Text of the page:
I prefer to ride my fat tire bike right now, leaving my full suspension 29″ Santa Cruz Tallboy and my converted Diamondback Apex “road” bike in the garage.
Why? Because each and every bike has a personality and a bike’s personality speaks to the rider in a special language.
Do read Rebecca Rusch’s one page submission from Dirt Rag #189, just like I did this fine Maine morning.
Here it is: RUSCH JOB: ZEN AND THE ART OF FAT BIKING | Rebecca Rusch .” Fat biking is not a fad. It’s here to stay and has opened the doors to a whole new…”
While Rush’s article reflects her impressions of riding on snow, it captures the essence of moving through the wooded trails here in Midcoast Maine, anytime of year. There a bit more calmness to “riding fat”, as The Bubbas call it. For me, at my age and stage of life, riding on 5 inch wide tires sporting 5 pounds of pressure at 5 mph is fine. I’m riding difficult trail sections that were impossible for me to clear on 2″ tires. I don’t steer and aim so much when riding fat. I let the bike slide and hop a bit until it finds it’s own line. It’s intuitive rather than calculated. These same trails are seen differently. I like to notice that.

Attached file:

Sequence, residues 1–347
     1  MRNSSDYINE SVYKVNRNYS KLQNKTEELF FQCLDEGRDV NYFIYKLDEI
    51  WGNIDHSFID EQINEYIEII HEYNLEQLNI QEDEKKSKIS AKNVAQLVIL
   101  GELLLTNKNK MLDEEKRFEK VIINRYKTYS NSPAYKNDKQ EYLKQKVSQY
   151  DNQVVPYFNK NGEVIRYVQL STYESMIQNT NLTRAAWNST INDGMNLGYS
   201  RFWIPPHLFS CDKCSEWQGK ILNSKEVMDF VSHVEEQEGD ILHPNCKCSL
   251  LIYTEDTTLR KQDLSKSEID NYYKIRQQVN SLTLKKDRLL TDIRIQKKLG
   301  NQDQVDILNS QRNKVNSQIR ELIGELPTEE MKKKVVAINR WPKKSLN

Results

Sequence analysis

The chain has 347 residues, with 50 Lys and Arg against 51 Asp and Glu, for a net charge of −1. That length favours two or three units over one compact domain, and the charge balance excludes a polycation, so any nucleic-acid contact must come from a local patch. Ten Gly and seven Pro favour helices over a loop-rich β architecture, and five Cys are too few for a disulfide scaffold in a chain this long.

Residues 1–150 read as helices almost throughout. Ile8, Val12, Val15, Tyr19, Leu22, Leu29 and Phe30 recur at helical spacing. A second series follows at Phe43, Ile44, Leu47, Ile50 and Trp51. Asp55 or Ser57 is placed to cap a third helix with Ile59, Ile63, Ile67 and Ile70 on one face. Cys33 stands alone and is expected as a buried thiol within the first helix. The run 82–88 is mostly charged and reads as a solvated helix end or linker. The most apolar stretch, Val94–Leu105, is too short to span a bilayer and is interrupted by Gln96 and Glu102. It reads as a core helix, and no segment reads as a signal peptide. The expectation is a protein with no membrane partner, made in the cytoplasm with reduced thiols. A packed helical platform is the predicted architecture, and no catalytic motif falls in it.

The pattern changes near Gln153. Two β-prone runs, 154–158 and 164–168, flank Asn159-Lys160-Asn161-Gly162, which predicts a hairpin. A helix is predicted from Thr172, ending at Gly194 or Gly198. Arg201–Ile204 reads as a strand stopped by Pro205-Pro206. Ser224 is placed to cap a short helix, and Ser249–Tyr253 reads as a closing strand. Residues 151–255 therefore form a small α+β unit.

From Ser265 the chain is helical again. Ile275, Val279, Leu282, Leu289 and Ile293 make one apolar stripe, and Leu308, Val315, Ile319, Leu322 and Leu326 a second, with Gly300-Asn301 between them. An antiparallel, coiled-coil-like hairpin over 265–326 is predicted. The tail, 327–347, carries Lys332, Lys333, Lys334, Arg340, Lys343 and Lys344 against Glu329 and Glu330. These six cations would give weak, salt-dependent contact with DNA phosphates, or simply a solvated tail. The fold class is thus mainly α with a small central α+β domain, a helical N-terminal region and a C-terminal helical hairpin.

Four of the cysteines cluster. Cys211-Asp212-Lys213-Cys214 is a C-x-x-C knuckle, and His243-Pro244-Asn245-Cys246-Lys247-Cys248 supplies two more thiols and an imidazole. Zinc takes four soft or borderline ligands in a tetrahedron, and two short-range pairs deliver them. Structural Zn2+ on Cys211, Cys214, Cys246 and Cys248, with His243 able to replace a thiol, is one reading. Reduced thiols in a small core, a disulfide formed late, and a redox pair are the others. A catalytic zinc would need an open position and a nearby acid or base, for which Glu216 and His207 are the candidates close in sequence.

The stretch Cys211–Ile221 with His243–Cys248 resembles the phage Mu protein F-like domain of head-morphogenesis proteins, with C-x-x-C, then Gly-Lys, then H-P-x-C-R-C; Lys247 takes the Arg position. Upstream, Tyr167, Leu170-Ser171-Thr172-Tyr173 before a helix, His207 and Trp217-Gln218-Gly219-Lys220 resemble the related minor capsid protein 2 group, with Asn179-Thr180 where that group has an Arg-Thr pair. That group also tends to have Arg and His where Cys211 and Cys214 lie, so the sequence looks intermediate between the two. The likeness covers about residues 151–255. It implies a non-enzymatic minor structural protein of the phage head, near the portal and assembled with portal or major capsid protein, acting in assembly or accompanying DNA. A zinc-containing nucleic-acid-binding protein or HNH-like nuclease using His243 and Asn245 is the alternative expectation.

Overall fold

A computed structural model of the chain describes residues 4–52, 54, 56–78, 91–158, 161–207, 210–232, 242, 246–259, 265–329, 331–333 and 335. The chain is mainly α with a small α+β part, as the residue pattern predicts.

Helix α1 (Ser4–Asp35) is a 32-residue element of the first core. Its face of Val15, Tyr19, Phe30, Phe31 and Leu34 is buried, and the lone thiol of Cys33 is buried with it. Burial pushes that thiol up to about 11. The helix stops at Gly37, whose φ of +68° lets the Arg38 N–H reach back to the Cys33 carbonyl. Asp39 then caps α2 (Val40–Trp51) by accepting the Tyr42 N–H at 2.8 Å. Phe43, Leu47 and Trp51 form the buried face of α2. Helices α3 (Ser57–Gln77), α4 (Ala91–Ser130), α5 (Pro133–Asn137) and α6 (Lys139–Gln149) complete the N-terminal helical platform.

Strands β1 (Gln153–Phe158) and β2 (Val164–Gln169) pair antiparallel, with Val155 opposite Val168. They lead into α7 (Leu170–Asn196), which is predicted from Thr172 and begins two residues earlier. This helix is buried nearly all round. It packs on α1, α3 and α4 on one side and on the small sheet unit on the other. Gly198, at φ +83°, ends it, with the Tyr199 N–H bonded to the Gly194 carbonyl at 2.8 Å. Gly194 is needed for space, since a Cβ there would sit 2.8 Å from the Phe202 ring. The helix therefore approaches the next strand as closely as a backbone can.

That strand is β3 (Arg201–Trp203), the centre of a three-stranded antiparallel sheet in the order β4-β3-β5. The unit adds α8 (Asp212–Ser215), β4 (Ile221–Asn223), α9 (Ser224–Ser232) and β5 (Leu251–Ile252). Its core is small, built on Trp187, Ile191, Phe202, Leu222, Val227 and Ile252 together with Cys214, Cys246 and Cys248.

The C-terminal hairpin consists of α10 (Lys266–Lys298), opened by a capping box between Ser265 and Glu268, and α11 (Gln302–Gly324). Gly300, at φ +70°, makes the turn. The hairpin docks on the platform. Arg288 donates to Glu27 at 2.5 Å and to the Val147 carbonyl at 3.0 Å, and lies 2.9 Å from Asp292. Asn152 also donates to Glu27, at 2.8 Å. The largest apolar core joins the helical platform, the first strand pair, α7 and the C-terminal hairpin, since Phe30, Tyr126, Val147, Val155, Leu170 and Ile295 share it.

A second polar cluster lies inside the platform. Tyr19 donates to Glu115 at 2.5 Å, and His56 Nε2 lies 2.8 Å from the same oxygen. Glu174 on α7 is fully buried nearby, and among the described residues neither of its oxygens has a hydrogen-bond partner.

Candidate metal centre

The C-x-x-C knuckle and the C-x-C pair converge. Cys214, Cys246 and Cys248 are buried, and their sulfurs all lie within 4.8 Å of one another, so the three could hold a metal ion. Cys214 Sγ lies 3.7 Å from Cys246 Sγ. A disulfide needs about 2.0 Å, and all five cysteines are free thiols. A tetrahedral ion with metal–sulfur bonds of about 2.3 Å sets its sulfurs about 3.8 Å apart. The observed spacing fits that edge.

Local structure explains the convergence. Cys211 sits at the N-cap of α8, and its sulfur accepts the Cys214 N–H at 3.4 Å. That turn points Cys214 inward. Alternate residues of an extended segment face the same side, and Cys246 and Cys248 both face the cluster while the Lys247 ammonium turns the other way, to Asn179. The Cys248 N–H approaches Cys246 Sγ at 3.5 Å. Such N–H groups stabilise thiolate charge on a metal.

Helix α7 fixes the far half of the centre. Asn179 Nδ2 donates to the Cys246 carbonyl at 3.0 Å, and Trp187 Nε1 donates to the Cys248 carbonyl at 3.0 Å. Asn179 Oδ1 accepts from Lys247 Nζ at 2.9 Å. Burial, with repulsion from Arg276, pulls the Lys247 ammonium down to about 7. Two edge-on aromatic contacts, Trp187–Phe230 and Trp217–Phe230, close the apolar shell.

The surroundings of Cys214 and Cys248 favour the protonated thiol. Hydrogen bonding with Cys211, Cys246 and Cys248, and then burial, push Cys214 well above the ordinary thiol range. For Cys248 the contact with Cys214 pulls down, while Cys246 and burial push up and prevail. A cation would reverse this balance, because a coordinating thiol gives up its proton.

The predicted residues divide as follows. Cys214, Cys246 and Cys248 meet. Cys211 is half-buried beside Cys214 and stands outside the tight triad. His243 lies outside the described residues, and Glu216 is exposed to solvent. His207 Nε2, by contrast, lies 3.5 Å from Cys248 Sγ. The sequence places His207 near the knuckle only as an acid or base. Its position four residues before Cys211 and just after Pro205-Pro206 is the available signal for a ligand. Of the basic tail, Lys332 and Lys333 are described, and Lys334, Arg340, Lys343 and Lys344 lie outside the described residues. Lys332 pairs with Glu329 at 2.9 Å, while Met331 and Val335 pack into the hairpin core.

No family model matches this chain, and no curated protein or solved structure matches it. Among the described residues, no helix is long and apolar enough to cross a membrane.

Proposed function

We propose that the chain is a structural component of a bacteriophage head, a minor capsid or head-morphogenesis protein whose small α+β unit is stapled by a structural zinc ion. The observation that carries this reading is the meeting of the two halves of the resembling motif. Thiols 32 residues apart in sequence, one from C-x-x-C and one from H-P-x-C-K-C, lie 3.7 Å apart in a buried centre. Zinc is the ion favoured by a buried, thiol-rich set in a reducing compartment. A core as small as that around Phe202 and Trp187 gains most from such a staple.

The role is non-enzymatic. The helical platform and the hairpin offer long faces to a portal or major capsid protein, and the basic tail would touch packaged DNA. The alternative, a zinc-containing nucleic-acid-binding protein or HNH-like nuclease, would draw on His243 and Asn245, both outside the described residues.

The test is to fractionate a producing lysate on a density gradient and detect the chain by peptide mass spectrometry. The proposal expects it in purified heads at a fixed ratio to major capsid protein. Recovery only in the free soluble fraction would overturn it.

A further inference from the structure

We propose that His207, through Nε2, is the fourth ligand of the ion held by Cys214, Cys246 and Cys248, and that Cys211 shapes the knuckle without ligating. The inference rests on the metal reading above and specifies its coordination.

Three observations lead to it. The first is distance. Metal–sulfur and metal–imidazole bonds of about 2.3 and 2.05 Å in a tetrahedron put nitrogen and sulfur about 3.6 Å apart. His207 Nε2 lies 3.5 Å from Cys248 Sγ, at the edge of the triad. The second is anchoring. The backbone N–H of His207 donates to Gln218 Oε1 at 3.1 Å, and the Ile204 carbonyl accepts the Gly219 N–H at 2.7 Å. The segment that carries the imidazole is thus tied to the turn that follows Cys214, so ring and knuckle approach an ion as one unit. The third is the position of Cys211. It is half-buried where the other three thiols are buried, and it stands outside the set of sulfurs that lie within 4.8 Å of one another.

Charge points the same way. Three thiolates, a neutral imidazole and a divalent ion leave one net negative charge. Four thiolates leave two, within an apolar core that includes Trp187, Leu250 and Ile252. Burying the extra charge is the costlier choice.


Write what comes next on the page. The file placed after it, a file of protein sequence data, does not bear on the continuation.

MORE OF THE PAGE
It’s been hot and humid here, since I have returned from hiking the Portugese Camino this June. It’s still cool out here at 6:45 AM on this fine summer day, and I’m free to enjoy it right now.
I’m heading out the door to swing my leg over my Surly Ice Cream Truck right now : out the door, over the hay fields, rocky streams, and onto the snowmobile trails that I keep open to ride up and around Moody Mountain. I’m happy to be riding fat again this morning.